There are a few different tools you can use to score your dough properly, so it’s a good idea to use the right one for the job.
You can use these:
- A very sharp knife
A sharp knife can be used when you’re in a pinch, but it’s not the most effective tool in most cases.
- Grignette (Lame)
Being most bakers’ tool of choice, a grignette, which is commonly just known as a lame, is simply a handle with a slot for a razorblade to be inserted. This allows good maneuverability and easier scoring.
- Single Razorblade
If you’ve got sharp and clean razorblades at hand but not a handle for it, don’t worry too much as this can still be used with decent results, but it’s still worth picking a handle for better scoring.
Although scissors aren’t used for scoring often, they can be used to gentle snip into the dough. If you’re going to do this, just be gentle not the cut too deep and butcher the dough.
- Serrated Knife
A small serrated knife can be great for cutting low-mid hydration dough before it’s proofed up. It’s easy and you don’t have to worry about much sticking or deflating of the dough.
For the best results, it’s always good to use a grignette to score the bread. Since they’re specifically made to help you score bread, they do a good job at it and leave you with the nicest score.
Get A Seriously Sharp Blade
Trying to cut dough with a blunt blade will only leave you with problems. You’ll be left with dough sticking to the knife and a bad score in general. Only use sharp tools or you’ll end up regretting it.
The sharper the better, seriously. The easier it cuts your dough, the less chance has of sticking and it will, therefore, leave you with a cleaner cut.
Whatever tool you’re using the score, you need to make sure that it is sharp enough to easily cut through your dough.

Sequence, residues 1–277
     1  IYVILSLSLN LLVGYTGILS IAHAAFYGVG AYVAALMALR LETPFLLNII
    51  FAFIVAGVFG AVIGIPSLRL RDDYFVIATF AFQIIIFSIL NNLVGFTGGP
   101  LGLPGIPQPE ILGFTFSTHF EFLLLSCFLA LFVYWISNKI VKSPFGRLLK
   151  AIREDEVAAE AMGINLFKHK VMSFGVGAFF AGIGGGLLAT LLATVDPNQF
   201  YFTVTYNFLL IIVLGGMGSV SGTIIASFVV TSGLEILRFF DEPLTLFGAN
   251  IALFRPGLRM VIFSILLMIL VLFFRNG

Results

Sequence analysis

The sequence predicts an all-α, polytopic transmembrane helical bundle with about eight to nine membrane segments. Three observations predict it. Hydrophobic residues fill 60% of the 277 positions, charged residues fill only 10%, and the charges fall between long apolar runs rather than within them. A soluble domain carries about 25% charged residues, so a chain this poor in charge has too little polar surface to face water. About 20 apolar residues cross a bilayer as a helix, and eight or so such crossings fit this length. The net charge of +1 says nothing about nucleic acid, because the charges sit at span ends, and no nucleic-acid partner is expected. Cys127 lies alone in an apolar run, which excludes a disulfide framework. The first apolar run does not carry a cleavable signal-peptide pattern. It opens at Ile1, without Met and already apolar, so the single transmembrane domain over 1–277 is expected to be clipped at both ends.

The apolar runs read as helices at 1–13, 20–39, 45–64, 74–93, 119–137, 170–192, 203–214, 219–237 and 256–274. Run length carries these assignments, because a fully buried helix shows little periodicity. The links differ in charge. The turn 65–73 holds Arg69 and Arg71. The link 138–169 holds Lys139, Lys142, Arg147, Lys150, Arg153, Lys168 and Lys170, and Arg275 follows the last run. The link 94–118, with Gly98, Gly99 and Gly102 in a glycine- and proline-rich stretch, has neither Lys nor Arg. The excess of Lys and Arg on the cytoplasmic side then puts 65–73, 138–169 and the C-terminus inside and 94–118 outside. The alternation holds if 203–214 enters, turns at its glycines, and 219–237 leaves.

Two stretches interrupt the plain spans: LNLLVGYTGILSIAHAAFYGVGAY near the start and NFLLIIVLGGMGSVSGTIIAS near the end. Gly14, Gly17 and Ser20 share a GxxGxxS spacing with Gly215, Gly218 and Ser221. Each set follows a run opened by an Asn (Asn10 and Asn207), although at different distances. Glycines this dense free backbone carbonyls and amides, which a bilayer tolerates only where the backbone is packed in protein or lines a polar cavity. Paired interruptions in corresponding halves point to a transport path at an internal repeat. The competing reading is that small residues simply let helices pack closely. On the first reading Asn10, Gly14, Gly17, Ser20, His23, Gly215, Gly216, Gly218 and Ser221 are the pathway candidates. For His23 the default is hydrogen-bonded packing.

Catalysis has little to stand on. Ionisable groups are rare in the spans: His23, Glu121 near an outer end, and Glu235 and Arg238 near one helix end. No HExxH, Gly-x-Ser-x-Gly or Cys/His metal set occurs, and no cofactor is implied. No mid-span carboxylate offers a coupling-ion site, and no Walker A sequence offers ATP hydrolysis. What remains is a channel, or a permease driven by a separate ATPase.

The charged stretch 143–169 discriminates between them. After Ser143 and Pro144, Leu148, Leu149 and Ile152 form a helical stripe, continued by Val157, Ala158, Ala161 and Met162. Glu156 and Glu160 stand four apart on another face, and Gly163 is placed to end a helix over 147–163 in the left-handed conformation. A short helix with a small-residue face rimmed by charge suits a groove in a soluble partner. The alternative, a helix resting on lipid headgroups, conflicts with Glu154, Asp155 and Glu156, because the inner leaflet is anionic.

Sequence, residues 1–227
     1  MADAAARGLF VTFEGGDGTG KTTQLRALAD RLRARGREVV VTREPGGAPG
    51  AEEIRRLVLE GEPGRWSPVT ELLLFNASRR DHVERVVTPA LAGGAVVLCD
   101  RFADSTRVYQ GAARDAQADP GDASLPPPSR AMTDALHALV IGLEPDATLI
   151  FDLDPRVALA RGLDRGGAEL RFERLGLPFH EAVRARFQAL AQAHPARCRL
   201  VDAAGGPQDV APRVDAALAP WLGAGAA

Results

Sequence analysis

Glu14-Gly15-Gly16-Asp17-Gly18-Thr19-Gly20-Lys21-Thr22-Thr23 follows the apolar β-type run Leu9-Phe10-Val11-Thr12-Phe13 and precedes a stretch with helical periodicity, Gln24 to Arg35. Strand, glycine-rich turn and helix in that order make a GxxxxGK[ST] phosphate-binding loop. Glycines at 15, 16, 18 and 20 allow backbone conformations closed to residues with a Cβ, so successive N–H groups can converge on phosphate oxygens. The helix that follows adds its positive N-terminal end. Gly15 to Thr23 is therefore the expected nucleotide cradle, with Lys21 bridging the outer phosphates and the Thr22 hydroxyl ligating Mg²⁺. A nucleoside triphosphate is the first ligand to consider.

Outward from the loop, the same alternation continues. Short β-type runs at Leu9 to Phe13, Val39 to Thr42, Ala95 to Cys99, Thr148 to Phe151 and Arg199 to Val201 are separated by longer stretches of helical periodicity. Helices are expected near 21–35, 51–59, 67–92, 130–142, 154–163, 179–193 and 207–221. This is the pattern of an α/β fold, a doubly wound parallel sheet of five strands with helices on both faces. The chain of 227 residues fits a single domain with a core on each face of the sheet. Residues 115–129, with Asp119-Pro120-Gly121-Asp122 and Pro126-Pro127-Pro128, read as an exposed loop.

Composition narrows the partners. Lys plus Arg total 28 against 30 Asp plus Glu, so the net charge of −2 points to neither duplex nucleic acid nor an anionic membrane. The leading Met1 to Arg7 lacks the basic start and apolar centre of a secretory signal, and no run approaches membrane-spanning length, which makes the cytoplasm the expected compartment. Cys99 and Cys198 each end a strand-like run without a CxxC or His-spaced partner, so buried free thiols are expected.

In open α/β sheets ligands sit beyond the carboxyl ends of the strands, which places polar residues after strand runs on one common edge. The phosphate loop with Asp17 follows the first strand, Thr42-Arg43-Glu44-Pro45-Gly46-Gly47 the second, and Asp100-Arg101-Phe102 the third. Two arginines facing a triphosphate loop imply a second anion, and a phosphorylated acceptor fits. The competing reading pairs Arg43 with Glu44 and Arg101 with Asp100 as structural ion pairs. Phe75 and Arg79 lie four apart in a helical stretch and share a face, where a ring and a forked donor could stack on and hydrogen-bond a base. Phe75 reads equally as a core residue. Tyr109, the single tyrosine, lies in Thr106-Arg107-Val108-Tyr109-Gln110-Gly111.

Once you notice your blade starting to get blunt or pull on the dough, you should sharpen or replace it for the next time you score.
Use Some Lubrication
You want to make sure that you avoid sticking as much as possible when it comes to scoring bread. For this reason, it can be useful to add a little something to help prevent the blade from sticking to the dough.
By applying a light layer of water or oil to your blade, you’re adding some lubrication to it as a way to help it glide through the dough and limit the amount of sticking.
The easiest thing you can do is coat your blade in cooking spray and quickly score the dough. Cooking spray is easy to apply and does a great job.
Be Quick And Confident
One thing that has a big effect on how well you score your dough is how confident you are with it.
If you’re quite slow with your scoring and dragging the blade, you’re going to get it caught and it will likely stick to the dough.
Moving too slow can cause an uneven and messy score, so it’s always better to score your bread in swift and confident actions.
Using a sharp blade and quick movements will give you the best results.
Instead of pushing into the dough, try allowing the blade to do the work and you should notice that the scoring is easier.
Score It Straight From The Fridge
Proofing your dough in the fridge comes with so many benefits, so it should be no surprise to you that it can also make for easier scoring.
When you’re chilling your dough in the fridge, you’re tightening the gluten and making it less sticky.
This makes the dough hold its shape better and allows you to slice through it with ease. You’ll notice a big difference between scoring cold dough and room-temperature dough.